Turning Point in Othello

Topics: Othello, William Shakespeare, Iago Pages: 5 (1329 words) Published: January 14, 2013
Othello - Act III Scene III

Othello by william shakespeare is a tragedy thought to have been written in the 1600s, and is undoubtedly one of shakespeare's most celebrated pieces of work. The play deals with many themes such as jealousy and deception, and good and evil, all of which are centered around the tragic hero O. Throughout the play it has been discovered how Othello,a black man, has overcome the racist views of others living in that time period, and married the beautiful white woman Desdemona, and also risen up in the ranks and been made a captain. Iago, puppet master, jealous of Othello and Desdemona, also of a man called Cassios promotion over him. It is iago who conjures up a plan to deceive, mislead and ultimately destroy O.

Act III Scene III is where Iago's plan really begins. This scene has been known as the “turning point” of the play, or as the “temptation scene”, and could be argued to be the most important scene in the whole play. In it Iago speaks carefully and at length with Othello, and subtly plant the seed of suspicion and jealousy in his mind. It is this seed which brings about the tragic events of the play.

Ironically it is Desdemona’s compassion and innocence which bring about these events as she attempts to have Cassio reinstated to his previous position as Captain. The scene opens with D telling C she will do all she can to influence her husband in reconciling with him.

“Ill intermingle every thing he does
With Cassio’s suit.”

Desdemona shows great determination and a kind heart in fighting for Cassio. Ironically it this kind heartedness that brings about her downfall and her death. It is her persistence that fuels Othello’s jealousy, filling his head with thoughts of her love for Cassio. It is known how strong Othello’s love for D is and that he cares for her more than his own life, however, this then amplifies Othello’s jealousy causing such tragic consequences.

After Desdemona talks with Cassio, Emelia see’s O and I approach. Cassio, feeling uncomfortable since his dispute and demotion by Othello scurries off. iago make most of this not wishing to miss an opportunity to contribute to his plan.

“Ha! I think I like not that.”

Here Iago acts as an honest witness, however he subtly begins to taint Desdemona’s infidelity. By saying this ,he implies that C has some sort of respectful significance, thus planting the seed of suspicion in Othello’s mind.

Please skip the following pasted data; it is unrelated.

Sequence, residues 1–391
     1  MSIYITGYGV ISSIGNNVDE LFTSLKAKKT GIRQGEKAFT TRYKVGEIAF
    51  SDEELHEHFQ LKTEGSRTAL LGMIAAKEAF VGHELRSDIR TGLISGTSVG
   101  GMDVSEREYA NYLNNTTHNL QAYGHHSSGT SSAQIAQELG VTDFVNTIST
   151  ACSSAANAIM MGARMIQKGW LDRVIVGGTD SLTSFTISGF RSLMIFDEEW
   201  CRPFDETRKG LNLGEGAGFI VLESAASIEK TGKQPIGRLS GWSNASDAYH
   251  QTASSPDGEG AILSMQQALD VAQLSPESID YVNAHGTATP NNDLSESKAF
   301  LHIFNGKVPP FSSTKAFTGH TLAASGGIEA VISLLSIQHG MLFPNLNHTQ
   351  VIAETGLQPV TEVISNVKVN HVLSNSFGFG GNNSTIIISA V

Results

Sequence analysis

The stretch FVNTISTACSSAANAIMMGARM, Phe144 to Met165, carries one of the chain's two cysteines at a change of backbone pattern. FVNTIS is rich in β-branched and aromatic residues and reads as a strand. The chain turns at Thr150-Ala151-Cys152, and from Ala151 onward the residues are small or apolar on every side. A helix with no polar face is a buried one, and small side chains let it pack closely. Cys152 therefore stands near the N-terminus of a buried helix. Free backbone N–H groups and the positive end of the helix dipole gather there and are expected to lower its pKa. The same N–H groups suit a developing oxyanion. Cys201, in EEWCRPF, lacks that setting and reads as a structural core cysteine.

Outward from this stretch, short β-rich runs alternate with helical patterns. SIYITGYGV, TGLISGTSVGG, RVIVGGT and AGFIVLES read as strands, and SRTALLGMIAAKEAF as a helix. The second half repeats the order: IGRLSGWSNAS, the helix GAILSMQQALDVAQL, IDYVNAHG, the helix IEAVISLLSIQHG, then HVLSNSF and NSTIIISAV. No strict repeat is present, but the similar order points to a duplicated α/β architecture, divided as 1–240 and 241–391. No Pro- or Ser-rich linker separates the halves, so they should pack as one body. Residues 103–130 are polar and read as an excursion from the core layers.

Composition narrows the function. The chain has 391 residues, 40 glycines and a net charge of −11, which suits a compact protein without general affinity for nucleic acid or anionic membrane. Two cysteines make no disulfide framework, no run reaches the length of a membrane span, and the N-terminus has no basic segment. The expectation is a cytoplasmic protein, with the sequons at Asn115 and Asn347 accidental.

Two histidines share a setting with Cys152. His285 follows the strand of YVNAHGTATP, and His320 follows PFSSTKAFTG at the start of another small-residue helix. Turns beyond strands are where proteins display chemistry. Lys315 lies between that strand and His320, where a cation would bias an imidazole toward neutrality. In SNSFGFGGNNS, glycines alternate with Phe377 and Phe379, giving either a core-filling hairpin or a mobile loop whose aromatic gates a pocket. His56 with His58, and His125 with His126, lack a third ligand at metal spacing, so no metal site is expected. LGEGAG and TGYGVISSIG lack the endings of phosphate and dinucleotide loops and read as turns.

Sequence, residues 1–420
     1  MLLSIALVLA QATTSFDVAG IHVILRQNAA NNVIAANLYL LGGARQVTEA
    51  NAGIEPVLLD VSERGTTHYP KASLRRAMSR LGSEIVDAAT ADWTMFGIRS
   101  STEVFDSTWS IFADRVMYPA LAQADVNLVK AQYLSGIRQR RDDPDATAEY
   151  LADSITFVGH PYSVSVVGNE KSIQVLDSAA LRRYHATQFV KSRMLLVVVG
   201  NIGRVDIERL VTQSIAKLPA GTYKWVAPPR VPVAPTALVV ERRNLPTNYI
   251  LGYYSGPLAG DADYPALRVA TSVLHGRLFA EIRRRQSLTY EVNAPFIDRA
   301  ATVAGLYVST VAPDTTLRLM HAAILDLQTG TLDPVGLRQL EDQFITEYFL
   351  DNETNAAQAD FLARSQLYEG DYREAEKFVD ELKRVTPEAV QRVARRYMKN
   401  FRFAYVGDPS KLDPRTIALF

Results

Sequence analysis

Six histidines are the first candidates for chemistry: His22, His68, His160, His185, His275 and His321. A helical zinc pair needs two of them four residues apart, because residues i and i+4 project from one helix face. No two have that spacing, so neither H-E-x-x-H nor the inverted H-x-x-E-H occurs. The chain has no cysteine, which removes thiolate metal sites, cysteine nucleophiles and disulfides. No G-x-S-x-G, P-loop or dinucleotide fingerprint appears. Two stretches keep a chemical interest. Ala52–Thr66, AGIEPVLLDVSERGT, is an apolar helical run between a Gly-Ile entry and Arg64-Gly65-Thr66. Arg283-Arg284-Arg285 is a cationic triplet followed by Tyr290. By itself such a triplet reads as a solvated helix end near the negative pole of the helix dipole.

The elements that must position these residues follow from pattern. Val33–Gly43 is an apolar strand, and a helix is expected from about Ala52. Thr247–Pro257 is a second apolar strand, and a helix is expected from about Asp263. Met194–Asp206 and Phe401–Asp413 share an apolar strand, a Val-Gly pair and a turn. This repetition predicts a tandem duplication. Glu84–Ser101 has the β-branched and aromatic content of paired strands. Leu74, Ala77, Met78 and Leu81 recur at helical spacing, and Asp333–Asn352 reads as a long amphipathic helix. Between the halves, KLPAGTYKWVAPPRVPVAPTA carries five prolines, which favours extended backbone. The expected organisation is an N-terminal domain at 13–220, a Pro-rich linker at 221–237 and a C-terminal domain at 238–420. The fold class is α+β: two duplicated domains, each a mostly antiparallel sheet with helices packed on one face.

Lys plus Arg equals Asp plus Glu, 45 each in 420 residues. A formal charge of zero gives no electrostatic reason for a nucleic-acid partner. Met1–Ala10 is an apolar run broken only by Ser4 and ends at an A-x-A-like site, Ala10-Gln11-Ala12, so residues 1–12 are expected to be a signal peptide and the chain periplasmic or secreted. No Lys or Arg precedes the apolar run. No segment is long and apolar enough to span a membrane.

As the scene progresses, and Othellos curiosity grows, as he see’s nothing amiss, Iago makes a show of not wanting to speak of it or of C. All the while, he insinuates that Cassio wasn’t just leaving, but was “stealing away so guilty like”. These words are the most incriminating thing he could say referring to C. They reintroduce these feeling of suspicion into Othello’s subconscious. His mood of uneasiness and secretness unsettles O, causing him to wonder about his loyalty and honour towards his wife. This is compounded when D enters pleading for C’s old position. As Othello’s suspicion grows so does his patience. He loses his more poetic style of speaking in Iambic pentameter and off hand remarks become more prominent.

After much talk of Cassio, Desdemona exits the scene. It is then that Othello is left alone with Iago. He then chides himself for being irritated with his wife.

“Excellent wretch! Perdition catch my soul,
But I do love thee! and when I love thee not,
Chaos is come again!”

Despite, showing O’s deep and passionate love for D, with him speaking of how the princibal of human nature would be gone without her there is an element of prophecy present also. Perdition will eventually catch O’s soul, and chaos will consume his life.

As the scene continues, Iago manipulates O even further. He is a skilled liar and manages to present himself still as an entirely innocent character, convincing O of the affair without directly referring to it. he appears to be hesitant and reluctant to tell Othello...
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